Gaskell Blog © Katherine C.
Mrs. Buxton used to always make an effort to be in the drawing room after dinner on Christmas; Mr. Buxton wistfully looks at the door as if hoping she might be there. Erminia tries to liven the mood but oddly enough it’s Edward’s flow of clever small talk that keeps everyone distracted. His motives are purely selfish, he speaks not to ease tensions but to flaunt his ‘wit’. Mrs. Browne proudly beams as she notices that Frank’s waistcoat isn’t half as fashionable as her son’s, once again showing a shallow mind. During Edward’s time away she’s become dependent on Maggie and more respectful towards her but the love for her daughter is dull and torpid, nothing compared to the exulting pride and fond love she has for her son.
After dinner when the men were left alone Edward tells them some of his cases, turning the phrases to shed the best light on his knowledge of law. Frank is repelled and leaves to join the ladies. But Mr. Buxton is completely taken in and consults about some of his property in Woodchester, twenty-one cottages, which bring in very little and are badly situated. Could they be sold? Edward has no doubt, he’ll find a purchaser in a short time; Mr. Buxton tells him to draws up the deeds of transfer.
Frank is charmed at Maggie’s unjealous admiration of Ermina’s musical talent and thinks how Wordsworth could have been referring to her when he wrote Three Years She Grew in Sun and Shower. He begins to visit home more often, Mr. Buxton is glad, thinking Erminia the reason, but Frank doesn’t examined his motives until one summer day:
“Don’t go yet, Maggie,” said he, putting his hand on hers to stop her; but, somehow, when that purpose was effected, he forgot to take it off again. “I have come all the way from Cambridge to see you. I could not bear suspense any longer. I grew so impatient for certainty of some kind, that I went up to town last night, in order to feel myself on my way to you, even though I knew I could not be here a bit earlier to-day for doing so.”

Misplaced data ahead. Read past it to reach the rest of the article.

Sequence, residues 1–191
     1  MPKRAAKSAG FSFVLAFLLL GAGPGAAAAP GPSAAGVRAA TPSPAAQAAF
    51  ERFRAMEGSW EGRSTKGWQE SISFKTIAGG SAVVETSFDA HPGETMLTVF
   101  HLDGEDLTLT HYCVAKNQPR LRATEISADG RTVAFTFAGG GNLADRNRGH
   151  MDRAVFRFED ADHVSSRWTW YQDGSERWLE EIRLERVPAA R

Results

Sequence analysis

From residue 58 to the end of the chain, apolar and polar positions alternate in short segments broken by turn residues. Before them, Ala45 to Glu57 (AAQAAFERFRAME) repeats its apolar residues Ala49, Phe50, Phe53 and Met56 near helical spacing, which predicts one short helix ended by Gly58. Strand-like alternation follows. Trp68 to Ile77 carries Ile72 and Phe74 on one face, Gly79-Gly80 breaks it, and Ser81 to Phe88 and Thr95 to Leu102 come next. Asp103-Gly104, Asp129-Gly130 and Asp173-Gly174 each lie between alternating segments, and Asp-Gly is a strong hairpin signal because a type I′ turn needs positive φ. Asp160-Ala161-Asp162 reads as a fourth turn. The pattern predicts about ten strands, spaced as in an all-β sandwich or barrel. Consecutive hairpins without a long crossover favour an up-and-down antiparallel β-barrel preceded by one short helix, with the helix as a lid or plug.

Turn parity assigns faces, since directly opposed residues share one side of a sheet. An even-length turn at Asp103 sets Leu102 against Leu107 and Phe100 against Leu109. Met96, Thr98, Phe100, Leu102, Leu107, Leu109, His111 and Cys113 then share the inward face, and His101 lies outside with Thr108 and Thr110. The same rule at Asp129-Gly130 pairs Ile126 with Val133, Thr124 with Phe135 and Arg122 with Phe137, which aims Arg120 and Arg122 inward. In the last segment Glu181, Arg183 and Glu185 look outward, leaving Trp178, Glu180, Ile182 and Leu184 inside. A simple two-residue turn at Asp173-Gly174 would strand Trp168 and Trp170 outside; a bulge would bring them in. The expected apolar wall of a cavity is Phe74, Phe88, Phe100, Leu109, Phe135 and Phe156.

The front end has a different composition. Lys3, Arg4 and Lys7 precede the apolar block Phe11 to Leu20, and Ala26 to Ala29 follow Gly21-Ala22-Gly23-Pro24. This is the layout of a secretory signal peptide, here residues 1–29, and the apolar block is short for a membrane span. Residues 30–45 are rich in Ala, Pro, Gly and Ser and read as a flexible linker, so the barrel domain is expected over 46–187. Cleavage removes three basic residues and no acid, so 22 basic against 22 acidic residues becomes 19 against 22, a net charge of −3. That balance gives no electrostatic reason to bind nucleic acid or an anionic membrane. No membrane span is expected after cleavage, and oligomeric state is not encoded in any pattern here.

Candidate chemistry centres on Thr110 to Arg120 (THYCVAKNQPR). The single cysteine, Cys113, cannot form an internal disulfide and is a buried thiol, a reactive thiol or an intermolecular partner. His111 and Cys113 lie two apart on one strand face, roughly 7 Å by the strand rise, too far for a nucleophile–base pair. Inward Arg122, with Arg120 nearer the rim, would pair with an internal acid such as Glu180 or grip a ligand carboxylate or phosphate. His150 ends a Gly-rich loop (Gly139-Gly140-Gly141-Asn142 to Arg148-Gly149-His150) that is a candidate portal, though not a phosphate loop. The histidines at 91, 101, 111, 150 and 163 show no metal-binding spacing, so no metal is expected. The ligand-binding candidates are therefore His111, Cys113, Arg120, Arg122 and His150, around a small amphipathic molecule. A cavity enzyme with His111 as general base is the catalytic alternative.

Mrs. Browne doesn’t believe Maggie at first, how could she be engaged to Frank Buxton? She was sure that there was an understanding with him and Erminia. Oh, and there’s only sour milk to offer with tea, if only Edward had let her buy that cow! Are you sure you’re not mistaken, Maggie? I suppose he must be worth… four thousand a year. It will be a great benefit to Edward’s career!
Nancy’s happiness for Maggie is sincere. It’s wonderful to see Frank’s tenderness towards her.
After tea, Frank asked Maggie if she would walk out with him; and accordingly they climbed the Fell-Lane and went out upon the moors, which seemed vast and boundless as their love.
Mr. Buxton doesn’t approve of the match, his feelings are violently against it and while Frank doesn’t tell Maggie how opposed his father is, she senses it. Erminia comes to visit, curious to know what it’s like to be in love, and tells her not to worry about the objections.
“The difficulty would be to find any one he did think fit for his paragon of a son.”